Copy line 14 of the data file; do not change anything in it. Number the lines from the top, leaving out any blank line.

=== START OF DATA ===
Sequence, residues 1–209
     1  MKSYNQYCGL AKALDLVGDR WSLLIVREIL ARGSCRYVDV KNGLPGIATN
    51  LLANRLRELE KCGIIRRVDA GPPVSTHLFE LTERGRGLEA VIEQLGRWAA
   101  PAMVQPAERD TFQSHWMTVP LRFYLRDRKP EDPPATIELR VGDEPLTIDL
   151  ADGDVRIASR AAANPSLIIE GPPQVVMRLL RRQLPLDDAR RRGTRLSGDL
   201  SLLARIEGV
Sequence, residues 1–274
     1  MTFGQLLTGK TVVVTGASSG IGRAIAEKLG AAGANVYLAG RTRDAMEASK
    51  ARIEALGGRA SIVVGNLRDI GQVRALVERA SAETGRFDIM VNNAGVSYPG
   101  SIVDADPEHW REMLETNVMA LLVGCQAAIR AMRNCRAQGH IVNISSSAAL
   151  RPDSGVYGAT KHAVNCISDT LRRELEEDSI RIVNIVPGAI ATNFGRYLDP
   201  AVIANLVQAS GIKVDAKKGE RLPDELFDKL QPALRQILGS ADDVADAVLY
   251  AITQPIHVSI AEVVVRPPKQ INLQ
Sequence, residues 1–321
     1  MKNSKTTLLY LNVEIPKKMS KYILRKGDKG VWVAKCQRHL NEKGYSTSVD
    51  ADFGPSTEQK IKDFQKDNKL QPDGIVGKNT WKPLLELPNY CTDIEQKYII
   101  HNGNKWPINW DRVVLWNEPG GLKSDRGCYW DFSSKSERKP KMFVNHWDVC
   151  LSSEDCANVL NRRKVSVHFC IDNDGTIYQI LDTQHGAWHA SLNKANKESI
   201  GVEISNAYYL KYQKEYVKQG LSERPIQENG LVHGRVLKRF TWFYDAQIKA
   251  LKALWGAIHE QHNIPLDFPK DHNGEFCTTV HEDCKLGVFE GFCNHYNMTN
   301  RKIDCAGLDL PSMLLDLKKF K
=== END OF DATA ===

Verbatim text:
Sequence, residues 1–321